Among the many anecdotes from David King Dunaway’s anecdote-rich biography of folk music legend Pete Seeger is this one: in the summer of 1955, after a folk festival somewhere in Louisiana, Seeger was invited to a house “outside of town” to learn Cajun songs. Seeger arrived to discover that he was in the home of Edwin E. Willis, the Democratic congressman from St. Martin Parish, one of three members of the House Un-American Activities Committee, which had just held hearings into the so-called Communist infiltration of the entertainment industry. Seeger, front and center in these hearings, had refused to either cooperate (like Burl Ives) or plead the Fifth (like Lee Hays). Instead, banjo in hand, he turned the hearings into a brief but rollicking discussion of the true meaning of patriotism. The story—which Dunaway seems to recount solely from Seeger’s recollections—continues with Willis’ wife singing merrily along until Willis corners Seeger in the kitchen to inform him he’s not welcome.
The story is thin on details, but it speaks to the major theme of Dunaway’s book and Seeger’s life: the interplay of politics and music. As a staunchly pro-union, mostly anti-war, always pro-environment, deeply pro-rights and, yes, one-time card-carrying Communist banjo player, Seeger set out to bring democracy to the streets, the workplace and the concert hall. He hitchhiked the country with his friend Woody Guthrie, led massive sing-alongs in union halls and summer camps, and wrote lasting songs such as “If I Had a Hammer” and “Where Have All the Flowers Gone.” How Can I Keep from Singing? is an authorized biography, yet Dunaway grapples with the contradictions in Seeger, an Ivy League drop-out playing Appalachian tunes, a Leftist idealist blindsided by the truth about Stalin, an anti-materialist outsider who, with the Weavers, did more to commercialize folk music than anyone before him, and a peace-loving musician who, more than once, expressed his temper by smashing musical instruments.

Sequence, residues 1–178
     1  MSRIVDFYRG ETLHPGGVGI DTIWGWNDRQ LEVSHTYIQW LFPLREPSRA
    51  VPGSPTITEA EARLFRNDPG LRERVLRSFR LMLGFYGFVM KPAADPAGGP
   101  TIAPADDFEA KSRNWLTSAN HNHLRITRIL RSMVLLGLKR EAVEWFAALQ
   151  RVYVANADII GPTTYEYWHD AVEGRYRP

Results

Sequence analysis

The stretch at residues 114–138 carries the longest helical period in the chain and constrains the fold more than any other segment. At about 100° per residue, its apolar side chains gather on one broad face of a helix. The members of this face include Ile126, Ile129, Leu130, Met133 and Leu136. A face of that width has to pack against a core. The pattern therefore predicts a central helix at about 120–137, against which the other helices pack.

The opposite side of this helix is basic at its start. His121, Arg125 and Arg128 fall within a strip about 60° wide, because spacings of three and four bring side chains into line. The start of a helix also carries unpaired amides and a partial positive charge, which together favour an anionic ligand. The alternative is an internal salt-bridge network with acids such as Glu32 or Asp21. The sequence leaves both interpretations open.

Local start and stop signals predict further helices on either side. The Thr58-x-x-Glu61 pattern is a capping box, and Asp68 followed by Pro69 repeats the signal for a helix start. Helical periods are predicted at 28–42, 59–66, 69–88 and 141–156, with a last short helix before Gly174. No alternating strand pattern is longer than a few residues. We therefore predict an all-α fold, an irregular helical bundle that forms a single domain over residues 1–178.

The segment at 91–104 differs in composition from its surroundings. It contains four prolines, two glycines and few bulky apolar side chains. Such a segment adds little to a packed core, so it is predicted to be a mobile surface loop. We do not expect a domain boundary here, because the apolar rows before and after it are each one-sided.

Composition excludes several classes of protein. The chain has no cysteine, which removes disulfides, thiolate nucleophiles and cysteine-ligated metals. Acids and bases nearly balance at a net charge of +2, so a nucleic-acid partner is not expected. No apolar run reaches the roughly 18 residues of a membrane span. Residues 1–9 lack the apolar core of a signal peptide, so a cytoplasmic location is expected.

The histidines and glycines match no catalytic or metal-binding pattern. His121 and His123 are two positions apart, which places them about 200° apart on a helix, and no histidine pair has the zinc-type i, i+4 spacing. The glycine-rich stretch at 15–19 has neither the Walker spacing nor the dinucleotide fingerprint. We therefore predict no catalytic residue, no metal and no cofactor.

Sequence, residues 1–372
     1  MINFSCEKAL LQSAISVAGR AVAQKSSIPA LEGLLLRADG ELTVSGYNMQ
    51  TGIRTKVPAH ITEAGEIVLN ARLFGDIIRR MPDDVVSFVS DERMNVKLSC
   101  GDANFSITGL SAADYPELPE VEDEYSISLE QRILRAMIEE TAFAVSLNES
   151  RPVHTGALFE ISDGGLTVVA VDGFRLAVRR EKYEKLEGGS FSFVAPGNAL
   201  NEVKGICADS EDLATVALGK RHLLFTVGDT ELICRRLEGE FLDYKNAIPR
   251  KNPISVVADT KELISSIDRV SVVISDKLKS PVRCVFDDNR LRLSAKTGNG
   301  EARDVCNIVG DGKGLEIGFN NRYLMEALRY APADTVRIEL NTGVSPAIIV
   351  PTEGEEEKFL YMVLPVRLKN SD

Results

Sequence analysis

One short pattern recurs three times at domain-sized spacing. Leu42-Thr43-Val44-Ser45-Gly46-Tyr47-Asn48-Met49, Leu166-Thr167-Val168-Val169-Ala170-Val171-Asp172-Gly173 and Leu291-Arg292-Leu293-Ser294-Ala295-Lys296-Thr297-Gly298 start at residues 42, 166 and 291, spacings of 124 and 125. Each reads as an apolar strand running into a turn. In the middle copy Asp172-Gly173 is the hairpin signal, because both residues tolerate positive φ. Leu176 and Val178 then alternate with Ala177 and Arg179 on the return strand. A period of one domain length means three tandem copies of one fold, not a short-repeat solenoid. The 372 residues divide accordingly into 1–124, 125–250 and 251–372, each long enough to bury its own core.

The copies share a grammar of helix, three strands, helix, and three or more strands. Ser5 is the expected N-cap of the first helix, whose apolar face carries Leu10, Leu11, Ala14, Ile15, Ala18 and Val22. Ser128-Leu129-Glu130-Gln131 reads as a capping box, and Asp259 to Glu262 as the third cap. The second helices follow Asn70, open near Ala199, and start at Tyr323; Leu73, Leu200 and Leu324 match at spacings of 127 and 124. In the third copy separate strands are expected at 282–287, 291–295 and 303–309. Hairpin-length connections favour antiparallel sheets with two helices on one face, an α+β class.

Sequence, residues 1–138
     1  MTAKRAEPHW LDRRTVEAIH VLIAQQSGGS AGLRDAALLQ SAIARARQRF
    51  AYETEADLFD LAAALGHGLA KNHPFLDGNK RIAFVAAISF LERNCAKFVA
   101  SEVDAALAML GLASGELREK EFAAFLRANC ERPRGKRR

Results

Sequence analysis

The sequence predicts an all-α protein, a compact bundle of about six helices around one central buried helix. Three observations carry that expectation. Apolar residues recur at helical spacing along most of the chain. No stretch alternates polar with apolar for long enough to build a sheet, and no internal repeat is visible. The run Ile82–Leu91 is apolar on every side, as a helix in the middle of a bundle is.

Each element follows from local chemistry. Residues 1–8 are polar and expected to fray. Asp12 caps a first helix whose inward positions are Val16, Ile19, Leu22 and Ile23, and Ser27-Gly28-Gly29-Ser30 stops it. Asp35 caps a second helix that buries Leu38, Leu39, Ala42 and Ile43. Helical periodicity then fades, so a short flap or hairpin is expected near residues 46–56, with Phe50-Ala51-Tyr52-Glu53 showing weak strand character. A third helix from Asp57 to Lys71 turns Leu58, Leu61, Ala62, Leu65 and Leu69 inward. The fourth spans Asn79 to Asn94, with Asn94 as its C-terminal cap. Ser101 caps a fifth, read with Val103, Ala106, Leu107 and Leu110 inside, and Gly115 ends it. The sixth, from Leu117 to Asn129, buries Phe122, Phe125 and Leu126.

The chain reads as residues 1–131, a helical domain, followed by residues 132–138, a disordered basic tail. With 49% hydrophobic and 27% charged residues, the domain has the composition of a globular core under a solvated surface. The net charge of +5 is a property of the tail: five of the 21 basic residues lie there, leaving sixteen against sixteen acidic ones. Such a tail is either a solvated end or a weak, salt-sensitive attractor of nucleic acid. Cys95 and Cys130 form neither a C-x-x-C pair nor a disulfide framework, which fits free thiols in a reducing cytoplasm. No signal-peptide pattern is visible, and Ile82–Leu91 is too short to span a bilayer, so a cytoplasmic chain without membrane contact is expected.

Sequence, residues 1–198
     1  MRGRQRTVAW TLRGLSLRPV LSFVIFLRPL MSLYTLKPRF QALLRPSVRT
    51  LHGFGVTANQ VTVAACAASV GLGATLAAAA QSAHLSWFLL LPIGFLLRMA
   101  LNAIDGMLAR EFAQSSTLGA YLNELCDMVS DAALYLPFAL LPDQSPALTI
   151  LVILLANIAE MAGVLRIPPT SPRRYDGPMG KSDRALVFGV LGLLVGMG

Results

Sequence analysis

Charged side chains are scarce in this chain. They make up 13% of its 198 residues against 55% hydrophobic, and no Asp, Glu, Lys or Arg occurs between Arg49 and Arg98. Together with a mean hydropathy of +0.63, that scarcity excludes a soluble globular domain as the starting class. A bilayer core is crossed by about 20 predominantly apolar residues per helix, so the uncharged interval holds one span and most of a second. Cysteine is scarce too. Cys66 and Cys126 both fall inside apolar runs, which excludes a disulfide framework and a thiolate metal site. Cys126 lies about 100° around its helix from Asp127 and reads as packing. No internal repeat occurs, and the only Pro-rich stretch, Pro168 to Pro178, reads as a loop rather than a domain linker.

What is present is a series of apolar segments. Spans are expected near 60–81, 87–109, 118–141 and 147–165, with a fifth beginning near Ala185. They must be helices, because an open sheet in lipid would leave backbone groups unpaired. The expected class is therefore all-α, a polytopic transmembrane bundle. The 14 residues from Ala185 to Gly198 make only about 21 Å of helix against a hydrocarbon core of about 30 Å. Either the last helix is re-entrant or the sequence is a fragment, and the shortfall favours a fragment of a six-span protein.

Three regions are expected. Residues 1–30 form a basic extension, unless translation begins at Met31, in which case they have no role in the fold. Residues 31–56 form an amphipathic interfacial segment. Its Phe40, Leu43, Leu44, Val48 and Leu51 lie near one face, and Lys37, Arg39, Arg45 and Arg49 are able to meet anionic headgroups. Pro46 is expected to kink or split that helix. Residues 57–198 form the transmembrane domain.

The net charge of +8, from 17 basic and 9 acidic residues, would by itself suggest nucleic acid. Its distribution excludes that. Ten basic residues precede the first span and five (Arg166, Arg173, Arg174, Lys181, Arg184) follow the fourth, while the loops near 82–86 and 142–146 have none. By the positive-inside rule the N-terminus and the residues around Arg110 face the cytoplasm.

We’re now in the midst of a minor Pete Seeger revival, in part because the notoriously media-shy musician, now approaching 90, is finally agreeing to sit down to tell his own story. How Can I Keep From Singing? was originally published in 1981 but has been re-written to add new material from extensive Seeger interviews; the new version also includes previously unpublished photographs. It joins Jim Brown’s affectionate documentary Pete Seeger: The Power of Song, which recently aired as part of the PBS American Masters series, as well as Bruce Springsteen’s Seeger Sessions recordings and concerts, which majestically kicked off at Jazz Fest 2006.
The revival is overdue, and the story of the sing-along at Edwin Ellis’ house that perhaps illustrates the best reason: no matter what the circumstance, Pete Seeger has always been good for a song.